Progress on "The Grove" the mixed-use development to replace the amusement circle ? hasn´t been as rapid as some expected, but developer Fred Bunn told town councilmen Tuesday he´s pleased with the pace and on track.
Mr. Bunn, whose Fred M. Bunn Co. (FMB) is based in Atlantic Beach and Wilson, spoke to the elected panel during its regular meeting in the assembly room behind the town hall.
"I told Cecil (Bradley, his partner in the firm) the other day that I felt like all I was doing was waiting on other people, just sitting around the office with nothing to do," the developer said at the beginning of a talk he gave at the invitation of Mayor Joyce "Tootsie" Vinson. "But I finally feel like things are kicking in."
Specifically, Mr. Bunn said his designers are making good progress on the "taller" buildings ? a trio of 17-story residential structures in the interior "triangle" of the oceanfront district he has bought from others and from the town ? and have been meeting with him regularly.
"There are not a lot of people I have confidence in on designing these things, and if they´re worth their salt, they´re very busy," Mr. Bunn said.
"But I have had meetings with them the last three Mondays and I´ve got another meeting with them next Monday.
"Everything is really progressing at about the pace it should be. We´re going to have a new billboard up soon, too, and some signs depicting some of the things we´re going to be doing at The Grove.
"And we hope within 90 days, 120 at the most, to have some pricing ready so people can know what´s available. I hope we´re only about nine months away from doing some pretty significant construction."
Mr. Bunn reiterated Tuesday what he said during the summer when he had indicated construction starts were about nine or 10 months away - delays are normal and almost inevitable for a project as large as transforming the whole heart of a town.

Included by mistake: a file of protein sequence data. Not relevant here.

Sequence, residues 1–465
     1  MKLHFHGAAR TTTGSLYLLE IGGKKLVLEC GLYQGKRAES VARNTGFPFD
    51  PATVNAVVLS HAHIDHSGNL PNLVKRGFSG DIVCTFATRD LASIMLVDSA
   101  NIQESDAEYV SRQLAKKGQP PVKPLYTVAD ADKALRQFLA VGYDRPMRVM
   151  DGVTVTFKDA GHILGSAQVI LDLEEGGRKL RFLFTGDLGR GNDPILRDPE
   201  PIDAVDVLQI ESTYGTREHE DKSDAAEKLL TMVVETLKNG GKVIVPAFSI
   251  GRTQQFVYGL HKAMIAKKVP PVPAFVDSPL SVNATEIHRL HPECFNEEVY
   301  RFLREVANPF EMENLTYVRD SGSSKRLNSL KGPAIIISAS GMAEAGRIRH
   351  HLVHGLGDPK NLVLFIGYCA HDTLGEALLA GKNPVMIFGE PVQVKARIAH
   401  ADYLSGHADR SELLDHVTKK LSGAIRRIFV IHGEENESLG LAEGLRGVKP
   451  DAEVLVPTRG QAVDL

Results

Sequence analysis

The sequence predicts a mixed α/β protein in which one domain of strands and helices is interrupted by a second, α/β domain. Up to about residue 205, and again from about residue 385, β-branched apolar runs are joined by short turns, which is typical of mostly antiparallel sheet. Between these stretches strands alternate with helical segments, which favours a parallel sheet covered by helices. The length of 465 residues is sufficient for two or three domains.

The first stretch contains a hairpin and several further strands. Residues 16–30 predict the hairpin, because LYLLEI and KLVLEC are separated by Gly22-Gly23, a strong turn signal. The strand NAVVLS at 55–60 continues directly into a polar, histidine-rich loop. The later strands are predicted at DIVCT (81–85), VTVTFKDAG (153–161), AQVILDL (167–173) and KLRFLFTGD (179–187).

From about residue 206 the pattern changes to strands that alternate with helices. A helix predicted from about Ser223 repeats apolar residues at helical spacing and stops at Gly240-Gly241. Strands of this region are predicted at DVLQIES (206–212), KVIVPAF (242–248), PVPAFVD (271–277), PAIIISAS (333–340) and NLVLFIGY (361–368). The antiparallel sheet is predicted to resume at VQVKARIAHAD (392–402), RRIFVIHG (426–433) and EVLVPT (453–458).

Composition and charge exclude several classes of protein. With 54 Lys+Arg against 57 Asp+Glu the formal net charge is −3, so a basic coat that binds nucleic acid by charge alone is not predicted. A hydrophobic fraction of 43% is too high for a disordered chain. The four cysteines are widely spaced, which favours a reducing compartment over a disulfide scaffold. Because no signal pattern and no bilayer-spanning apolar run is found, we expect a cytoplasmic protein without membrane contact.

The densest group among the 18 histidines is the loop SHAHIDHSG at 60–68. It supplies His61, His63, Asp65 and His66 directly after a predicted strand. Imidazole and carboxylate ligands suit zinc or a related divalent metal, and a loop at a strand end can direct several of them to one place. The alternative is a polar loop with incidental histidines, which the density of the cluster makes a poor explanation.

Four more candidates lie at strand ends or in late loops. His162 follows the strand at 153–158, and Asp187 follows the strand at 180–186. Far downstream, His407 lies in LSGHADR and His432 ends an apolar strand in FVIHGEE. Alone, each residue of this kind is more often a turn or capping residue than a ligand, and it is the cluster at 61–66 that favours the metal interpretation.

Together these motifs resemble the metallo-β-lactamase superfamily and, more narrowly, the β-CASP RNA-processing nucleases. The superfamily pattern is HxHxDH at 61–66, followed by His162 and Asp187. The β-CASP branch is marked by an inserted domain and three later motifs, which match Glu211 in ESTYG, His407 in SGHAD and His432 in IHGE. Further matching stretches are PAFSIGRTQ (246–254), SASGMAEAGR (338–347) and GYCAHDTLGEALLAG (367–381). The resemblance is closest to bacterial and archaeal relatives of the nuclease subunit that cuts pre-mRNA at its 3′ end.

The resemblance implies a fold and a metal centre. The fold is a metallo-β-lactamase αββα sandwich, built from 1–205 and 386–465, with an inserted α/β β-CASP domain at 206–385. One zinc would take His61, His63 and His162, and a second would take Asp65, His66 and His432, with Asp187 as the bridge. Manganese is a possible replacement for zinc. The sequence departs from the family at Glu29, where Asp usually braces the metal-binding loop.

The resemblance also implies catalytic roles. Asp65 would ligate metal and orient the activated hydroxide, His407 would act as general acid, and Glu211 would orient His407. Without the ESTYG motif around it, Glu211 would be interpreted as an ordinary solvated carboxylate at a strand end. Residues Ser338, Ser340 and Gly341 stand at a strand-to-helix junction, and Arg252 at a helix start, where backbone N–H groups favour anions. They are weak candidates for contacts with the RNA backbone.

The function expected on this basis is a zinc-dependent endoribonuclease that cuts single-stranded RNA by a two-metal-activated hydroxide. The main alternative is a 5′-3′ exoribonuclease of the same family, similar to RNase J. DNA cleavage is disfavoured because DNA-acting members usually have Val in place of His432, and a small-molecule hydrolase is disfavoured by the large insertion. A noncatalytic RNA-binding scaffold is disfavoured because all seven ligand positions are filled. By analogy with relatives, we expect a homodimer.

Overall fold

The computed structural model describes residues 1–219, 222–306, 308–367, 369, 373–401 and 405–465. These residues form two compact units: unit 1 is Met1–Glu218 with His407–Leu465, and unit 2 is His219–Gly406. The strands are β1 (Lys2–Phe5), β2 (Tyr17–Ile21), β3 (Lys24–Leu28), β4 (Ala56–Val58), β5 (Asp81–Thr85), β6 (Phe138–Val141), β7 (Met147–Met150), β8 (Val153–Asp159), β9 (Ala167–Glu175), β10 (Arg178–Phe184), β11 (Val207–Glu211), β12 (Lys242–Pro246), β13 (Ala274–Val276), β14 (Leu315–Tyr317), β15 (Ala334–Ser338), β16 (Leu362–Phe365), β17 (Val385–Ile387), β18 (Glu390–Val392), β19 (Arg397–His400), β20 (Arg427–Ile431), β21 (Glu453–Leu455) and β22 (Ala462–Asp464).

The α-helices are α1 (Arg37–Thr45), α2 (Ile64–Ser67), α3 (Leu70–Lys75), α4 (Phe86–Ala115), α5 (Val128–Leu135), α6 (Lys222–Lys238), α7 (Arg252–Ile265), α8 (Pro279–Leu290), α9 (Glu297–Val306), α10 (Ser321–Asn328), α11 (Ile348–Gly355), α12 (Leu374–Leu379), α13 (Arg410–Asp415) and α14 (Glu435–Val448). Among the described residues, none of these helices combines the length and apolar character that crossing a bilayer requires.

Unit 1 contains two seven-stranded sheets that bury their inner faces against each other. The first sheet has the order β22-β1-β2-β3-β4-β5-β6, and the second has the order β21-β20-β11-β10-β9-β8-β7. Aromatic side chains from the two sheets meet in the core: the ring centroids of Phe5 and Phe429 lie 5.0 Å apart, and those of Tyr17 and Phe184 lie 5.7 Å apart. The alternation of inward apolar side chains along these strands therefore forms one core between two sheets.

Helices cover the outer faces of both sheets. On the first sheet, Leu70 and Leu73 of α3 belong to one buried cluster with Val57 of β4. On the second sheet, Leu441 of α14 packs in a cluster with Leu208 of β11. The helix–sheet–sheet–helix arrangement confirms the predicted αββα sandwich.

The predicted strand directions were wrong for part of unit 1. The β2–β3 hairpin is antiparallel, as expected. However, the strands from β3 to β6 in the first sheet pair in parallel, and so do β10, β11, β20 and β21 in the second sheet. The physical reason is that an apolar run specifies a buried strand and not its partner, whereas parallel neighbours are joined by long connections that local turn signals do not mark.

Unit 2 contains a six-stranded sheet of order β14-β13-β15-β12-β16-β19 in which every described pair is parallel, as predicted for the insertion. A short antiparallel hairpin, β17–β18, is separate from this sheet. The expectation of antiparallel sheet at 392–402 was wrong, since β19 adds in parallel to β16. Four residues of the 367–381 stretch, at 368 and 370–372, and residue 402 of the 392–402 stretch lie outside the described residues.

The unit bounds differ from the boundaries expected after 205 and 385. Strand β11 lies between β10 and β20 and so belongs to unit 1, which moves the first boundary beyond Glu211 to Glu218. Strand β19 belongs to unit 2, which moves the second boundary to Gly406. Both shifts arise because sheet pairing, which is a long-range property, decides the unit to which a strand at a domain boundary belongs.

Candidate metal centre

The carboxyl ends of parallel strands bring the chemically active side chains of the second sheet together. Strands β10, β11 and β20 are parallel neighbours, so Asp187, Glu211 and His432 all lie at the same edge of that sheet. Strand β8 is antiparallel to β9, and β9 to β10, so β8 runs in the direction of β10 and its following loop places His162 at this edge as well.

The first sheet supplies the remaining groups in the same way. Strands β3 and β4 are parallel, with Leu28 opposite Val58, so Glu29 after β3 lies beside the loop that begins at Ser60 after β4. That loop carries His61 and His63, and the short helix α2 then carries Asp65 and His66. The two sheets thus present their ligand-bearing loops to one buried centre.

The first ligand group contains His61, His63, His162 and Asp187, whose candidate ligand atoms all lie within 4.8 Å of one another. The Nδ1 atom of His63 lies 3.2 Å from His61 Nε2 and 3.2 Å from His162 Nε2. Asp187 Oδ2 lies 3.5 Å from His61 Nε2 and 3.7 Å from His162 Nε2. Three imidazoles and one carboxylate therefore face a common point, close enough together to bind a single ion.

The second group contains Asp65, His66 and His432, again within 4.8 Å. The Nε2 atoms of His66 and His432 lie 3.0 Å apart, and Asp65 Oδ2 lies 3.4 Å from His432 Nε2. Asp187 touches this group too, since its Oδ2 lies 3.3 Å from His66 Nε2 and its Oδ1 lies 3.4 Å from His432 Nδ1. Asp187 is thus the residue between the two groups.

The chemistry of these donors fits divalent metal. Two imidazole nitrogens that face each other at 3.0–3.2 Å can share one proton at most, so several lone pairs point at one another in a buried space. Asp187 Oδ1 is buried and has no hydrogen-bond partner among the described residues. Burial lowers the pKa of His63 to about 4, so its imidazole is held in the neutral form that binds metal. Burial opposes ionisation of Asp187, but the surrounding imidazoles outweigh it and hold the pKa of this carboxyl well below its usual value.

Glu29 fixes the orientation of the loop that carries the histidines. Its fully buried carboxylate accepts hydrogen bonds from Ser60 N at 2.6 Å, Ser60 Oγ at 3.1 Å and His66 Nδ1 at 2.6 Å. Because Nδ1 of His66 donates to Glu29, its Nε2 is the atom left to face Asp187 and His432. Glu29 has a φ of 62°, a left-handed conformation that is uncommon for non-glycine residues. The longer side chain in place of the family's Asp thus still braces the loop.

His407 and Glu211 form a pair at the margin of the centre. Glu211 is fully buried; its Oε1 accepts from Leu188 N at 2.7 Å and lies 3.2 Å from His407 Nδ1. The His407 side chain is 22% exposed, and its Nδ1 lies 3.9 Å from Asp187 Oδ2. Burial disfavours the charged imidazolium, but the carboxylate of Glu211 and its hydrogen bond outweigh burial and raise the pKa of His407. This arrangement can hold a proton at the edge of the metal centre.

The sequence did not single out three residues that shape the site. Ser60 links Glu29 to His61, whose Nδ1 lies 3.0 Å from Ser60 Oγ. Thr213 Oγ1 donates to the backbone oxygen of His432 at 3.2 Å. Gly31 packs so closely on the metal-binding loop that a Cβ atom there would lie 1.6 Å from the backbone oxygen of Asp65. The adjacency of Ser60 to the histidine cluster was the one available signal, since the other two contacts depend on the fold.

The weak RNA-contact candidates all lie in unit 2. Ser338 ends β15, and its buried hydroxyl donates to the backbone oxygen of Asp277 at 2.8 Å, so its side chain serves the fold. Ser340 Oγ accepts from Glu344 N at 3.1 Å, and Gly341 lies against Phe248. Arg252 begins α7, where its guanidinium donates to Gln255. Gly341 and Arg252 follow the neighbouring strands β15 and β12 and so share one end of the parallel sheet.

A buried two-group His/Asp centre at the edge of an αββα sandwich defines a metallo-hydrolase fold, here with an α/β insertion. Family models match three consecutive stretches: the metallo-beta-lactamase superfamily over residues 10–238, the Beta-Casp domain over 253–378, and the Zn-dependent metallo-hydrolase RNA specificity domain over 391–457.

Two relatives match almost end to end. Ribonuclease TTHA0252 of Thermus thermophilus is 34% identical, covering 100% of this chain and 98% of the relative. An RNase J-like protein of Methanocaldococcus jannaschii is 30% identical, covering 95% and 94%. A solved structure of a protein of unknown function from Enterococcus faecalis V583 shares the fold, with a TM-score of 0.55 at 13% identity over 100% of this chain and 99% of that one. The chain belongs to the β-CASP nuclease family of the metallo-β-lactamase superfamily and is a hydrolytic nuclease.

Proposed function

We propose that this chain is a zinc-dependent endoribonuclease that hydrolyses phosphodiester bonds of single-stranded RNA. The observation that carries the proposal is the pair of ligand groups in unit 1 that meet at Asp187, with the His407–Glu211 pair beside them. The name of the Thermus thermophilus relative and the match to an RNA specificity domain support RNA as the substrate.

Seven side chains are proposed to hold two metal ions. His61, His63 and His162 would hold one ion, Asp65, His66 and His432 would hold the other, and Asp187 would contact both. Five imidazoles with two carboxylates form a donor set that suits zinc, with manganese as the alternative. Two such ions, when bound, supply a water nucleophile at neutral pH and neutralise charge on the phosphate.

"It´s not like a residential project; it´s a lot more comprehensive when you are trying to create this mix of development," he said. "It´s just the nature of the beast."
The good news, Mr. Bunn said, is that interest is still high, both in the residential properties and in the large number of three- or four-story commercial buildings expected to line much of East and West drives, the two side streets of the old circle.
But in response to questions, he conceded that things haven´t moved along to the point where any businesses have signed on to buy or rent space.
"Until we get the pricing, that´s really premature," he said. "We´ve got a lot of parties who are very interested, but there isn´t much that can be done until we can show them prices and sizes and shapes and just where things are going to be."
In response to another question, he said the company hopes to use the big July 4th weekend, when the Pepsi Americas´ Sail event will focus on Beaufort, Morehead City and Atlantic Beach, to showcase some of the same posters and drawings that he´s used to tout his plans to town officials and residents.
The bottom line, he said, is that "the economy willing ? and even if it does sputter it would just delay us a little ? we are on track."
The town, which sold to Mr. Bunn four tracts it had bought on the circle in the 1980s, has been interested for more than two decades in revitalizing the area.
Mr. Bunn, who lives in town part time and professes his love of Atlantic Beach, has promised the project will retain an old Atlantic Beach flavor, will attract people from all walks of life and will not be just another exclusive, upscale development. Plans show generous amounts of public space for town special events, and he has promised there will be plenty of opportunities for local flavor and small businesses.